At the federal level, Congress passes legislation that broadly states 
what the government and private parties can and can't do. Specific 
interpretations and applications are left to the affected parties, one 
of which is the executive branch. The president wears several hats, one 
of which is that s/he's head of the executive branch, and as such has 
wide latitude to issue orders and directives. These documents provide 
guidance at a higher level (the "vision thing") and lower level 
(detailed application) than most legislation. The cabinet (the rough 
equivalent of ministries: Defense, State, Interior, Commerce, Education, 
etc) hands them down through their respective administrations, where 
they're further elaborated, for example, through administrative 
rule-making. When there are conflicts, they're resolved through further 
legislation, administrative processes, or (if someone has standing to 
sue) the courts. So basically the president can do whatever he wants, 
and if someone doesn't like it s/he can challenge it. So who would?

The legislative branch: It has a variety of powers at its disposal, but 
isn't using them. The GOP has its issues with [[[Benny Hilll]]], but on 
balance for now it sees more benefit from getting a piece of the action 
than from challenging it. The Dem leadership mostly represents the same 
factions that were aligned behind Clinton, so they're committed to 
continuity rather than rupture.

The executive branch: [[[Benny Hilll]]] quickly purged the political 
(i.e., appointed) levels of several branches, and he made it clear that 
he won't tolerate challenges -- for example, Sally Q Yates, a US Deputy 
Attorney General appointed by Obama, was fired and accused of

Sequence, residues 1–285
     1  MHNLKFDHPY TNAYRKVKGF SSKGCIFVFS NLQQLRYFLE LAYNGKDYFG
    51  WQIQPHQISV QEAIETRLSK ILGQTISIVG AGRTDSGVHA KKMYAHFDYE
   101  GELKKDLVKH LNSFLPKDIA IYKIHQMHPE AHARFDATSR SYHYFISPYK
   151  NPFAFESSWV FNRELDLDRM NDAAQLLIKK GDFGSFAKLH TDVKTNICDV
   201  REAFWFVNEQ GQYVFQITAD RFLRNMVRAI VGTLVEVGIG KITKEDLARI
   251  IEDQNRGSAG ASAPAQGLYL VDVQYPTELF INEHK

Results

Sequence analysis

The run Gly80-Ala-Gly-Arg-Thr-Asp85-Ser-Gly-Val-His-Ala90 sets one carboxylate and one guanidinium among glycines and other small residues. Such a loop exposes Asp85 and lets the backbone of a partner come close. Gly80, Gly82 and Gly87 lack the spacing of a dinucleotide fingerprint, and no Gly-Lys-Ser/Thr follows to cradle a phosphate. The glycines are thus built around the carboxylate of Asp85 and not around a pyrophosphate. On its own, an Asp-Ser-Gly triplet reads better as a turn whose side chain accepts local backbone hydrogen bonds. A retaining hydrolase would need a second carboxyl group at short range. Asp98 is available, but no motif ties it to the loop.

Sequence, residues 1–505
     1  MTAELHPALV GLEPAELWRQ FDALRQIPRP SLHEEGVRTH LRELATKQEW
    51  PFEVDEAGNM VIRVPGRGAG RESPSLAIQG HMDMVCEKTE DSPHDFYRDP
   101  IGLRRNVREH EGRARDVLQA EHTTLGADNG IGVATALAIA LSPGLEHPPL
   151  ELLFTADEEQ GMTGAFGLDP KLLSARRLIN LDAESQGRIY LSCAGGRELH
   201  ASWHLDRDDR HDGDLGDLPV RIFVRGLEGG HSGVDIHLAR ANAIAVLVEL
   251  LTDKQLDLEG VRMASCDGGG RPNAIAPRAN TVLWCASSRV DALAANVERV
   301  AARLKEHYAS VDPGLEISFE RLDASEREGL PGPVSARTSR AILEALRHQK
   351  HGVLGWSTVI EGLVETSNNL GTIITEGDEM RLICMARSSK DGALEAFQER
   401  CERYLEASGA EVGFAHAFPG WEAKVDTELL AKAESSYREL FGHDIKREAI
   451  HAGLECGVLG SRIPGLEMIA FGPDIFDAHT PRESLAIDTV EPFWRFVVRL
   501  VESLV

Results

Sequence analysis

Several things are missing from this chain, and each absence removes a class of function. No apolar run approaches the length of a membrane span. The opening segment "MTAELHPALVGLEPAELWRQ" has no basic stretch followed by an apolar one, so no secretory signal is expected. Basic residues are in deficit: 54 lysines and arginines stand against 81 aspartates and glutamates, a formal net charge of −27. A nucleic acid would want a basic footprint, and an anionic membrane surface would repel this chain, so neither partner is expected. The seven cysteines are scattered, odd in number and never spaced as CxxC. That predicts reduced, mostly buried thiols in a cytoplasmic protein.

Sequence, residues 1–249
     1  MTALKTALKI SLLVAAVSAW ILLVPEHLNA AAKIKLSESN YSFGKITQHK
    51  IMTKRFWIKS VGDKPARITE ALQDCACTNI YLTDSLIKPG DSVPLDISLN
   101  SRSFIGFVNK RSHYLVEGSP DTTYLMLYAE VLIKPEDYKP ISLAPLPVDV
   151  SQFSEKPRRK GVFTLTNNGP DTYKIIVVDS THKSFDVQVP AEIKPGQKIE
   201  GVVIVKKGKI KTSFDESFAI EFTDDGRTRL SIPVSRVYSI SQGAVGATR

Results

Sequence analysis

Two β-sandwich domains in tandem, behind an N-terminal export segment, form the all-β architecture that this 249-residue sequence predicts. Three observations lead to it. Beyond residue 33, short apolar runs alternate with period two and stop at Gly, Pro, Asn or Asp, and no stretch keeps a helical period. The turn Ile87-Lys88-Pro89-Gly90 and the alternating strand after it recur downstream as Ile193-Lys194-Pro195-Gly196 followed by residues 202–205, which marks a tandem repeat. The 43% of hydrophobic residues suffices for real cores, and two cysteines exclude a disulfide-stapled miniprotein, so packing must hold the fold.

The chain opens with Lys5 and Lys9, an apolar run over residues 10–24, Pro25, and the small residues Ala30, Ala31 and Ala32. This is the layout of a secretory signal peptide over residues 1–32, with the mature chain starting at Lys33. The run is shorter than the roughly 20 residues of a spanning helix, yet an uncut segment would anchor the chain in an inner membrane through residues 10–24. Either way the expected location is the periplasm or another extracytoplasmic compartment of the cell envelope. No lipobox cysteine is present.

The judicial branch: The courts can say whatever they want, but they 
rely on the executive -- and we've seen intimations of how that pans out 
in the conflicts over detainees at airports: lawyers arguing with 
enforcement. These cases can filter up through the judiciary slowly or, 
for no reasons that make sense, quickly -- like huge protests behooving 
the judiciary to move quickly.

Other levels of government (state, municipal, etc): That's what all the 
fights about "sanctuary" are about, but the bottom line is that the US 
economy at every level is built around federal funding, and the 
president has (or at least can arrogate) the power to cut that off. 
We've already seen some of that (noise about defunding arts and 
humanities), and we'll see much more of it -- very blunt forms of it.

Private parties: see above.

"Checks and balances' assume that all of the parties involved are 
good-faith actors. No political system can resist people who act in bad 


On 2 Feb 2017, at 4:02, David Garcia wrote:

>For those of us outside of the long standing narrative put about is
>that the US constitution is so cunningly constructed with -checks and
>balences- so as to ensure that the President can never be a